After a who’s who of broadcast industry players criticized their “indecency” findings as unconstitutional, the FCC got its turn last week, arguing to a federal appeals court that its content rules do not violate free speech rights.
As to a ruling involving on-air expletives during the 2002 and 2003 Billboard Music Awards shows, lawyers for the FCC rejected arguments by Fox, broadcaster of the shows, that the citations were unconstitutionally vague. The FCC also argued that Fox failed to show that on-air profanity used by performers Cher and Nicole Richie during the programs were consistent with community standards.
“Nor does it offer any justification — such as artistic necessity — for the use of the ‘F-word’ and the ‘S-word’ by Nicole Richie and Cher,” the FCC said in its brief filed with the U.S. Court of Appeals for the Second Circuit in New York.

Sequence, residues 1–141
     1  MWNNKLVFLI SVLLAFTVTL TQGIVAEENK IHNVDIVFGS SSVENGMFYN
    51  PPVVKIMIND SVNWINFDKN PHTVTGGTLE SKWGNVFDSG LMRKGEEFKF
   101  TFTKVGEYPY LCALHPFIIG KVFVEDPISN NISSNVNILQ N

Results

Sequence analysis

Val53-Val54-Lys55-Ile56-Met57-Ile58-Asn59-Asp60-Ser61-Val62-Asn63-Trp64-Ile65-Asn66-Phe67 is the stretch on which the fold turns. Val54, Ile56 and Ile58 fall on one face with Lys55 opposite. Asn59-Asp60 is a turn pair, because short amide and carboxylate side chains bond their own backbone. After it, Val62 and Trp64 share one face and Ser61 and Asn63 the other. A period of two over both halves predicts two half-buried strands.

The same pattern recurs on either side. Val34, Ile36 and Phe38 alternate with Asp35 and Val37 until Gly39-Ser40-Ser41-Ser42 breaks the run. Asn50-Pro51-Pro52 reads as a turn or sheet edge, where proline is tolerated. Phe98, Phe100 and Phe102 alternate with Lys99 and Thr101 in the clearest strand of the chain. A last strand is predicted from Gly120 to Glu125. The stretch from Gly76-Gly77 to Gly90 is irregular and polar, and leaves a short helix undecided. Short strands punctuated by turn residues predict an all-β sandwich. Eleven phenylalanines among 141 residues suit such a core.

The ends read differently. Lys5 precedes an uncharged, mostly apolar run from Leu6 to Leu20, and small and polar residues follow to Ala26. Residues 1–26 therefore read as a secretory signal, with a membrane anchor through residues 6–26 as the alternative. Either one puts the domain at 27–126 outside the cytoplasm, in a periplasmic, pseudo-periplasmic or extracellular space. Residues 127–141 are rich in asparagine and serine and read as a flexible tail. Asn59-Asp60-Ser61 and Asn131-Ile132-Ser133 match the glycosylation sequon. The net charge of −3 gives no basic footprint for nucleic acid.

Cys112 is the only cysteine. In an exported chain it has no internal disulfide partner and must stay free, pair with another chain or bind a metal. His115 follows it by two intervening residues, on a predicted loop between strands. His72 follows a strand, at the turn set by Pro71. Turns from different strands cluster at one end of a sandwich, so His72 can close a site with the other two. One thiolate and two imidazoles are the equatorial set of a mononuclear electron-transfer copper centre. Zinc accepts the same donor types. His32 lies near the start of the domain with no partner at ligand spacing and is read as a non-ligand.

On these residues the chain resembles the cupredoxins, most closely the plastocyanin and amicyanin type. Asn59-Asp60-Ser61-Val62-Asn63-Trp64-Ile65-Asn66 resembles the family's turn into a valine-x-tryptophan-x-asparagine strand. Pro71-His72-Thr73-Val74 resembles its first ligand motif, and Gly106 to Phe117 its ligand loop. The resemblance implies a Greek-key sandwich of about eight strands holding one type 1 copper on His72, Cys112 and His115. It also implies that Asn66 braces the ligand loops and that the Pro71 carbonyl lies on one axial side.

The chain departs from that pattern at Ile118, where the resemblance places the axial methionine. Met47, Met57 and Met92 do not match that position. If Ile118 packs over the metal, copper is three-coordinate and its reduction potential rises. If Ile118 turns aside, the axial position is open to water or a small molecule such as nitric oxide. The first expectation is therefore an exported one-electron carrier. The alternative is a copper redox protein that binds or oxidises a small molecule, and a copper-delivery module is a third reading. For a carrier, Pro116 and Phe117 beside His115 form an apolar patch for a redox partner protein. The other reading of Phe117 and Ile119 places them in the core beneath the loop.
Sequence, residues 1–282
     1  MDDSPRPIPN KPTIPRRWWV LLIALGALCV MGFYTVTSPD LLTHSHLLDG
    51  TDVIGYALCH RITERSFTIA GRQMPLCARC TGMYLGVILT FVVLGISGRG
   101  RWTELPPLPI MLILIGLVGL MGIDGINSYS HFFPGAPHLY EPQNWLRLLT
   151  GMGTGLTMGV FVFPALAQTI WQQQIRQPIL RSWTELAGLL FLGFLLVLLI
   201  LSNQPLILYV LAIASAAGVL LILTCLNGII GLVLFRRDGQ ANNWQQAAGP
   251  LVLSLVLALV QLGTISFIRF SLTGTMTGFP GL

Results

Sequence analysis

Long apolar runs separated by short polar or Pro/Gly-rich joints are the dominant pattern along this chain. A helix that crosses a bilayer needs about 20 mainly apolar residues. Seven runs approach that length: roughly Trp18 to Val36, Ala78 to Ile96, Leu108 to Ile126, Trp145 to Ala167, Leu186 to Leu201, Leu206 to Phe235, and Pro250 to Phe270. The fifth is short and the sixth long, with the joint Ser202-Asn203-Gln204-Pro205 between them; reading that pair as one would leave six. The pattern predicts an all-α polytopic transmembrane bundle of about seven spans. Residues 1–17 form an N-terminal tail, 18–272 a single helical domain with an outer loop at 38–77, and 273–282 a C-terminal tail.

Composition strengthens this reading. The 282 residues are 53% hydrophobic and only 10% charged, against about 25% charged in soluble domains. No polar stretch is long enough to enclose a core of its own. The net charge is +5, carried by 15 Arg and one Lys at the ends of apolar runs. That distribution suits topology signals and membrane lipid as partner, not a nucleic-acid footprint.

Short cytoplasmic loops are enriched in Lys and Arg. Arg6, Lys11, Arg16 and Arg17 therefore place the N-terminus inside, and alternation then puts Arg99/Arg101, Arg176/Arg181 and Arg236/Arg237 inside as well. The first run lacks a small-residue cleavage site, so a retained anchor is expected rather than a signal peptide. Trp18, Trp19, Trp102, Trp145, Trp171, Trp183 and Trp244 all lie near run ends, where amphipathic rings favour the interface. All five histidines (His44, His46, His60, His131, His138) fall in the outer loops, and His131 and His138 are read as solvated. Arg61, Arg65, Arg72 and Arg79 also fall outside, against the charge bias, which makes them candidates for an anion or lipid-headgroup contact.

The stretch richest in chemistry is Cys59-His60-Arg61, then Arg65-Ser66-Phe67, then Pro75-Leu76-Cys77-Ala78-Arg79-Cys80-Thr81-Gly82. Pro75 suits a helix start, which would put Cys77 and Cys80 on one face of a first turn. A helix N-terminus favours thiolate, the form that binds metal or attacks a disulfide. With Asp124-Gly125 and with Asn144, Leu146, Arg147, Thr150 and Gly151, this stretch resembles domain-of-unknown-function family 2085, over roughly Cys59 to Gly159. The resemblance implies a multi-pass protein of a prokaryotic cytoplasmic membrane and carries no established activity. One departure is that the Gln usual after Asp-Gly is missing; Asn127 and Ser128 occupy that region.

The FCC also argued that because broadcast spectrum is a scarce public resource, the First Amendment protection of licensed broadcasters is limited. It contended that justification for speech regulation need only be substantial and the means narrowly tailored, rather than the “least restrictive means” test applied to other forms of speech regulation.
The commission also dismissed the V-chip as an effective protector of children against undesirable programming. The V-chip, the FCC lawyers argued in the brief, would not have helped because the Billboard broadcasts were “misrated.” Also, the FCC said the chip was ineffective and the ratings often inaccurate, and its use was not well understood by parents. Oral arguments in the case are scheduled for Dec. 20.
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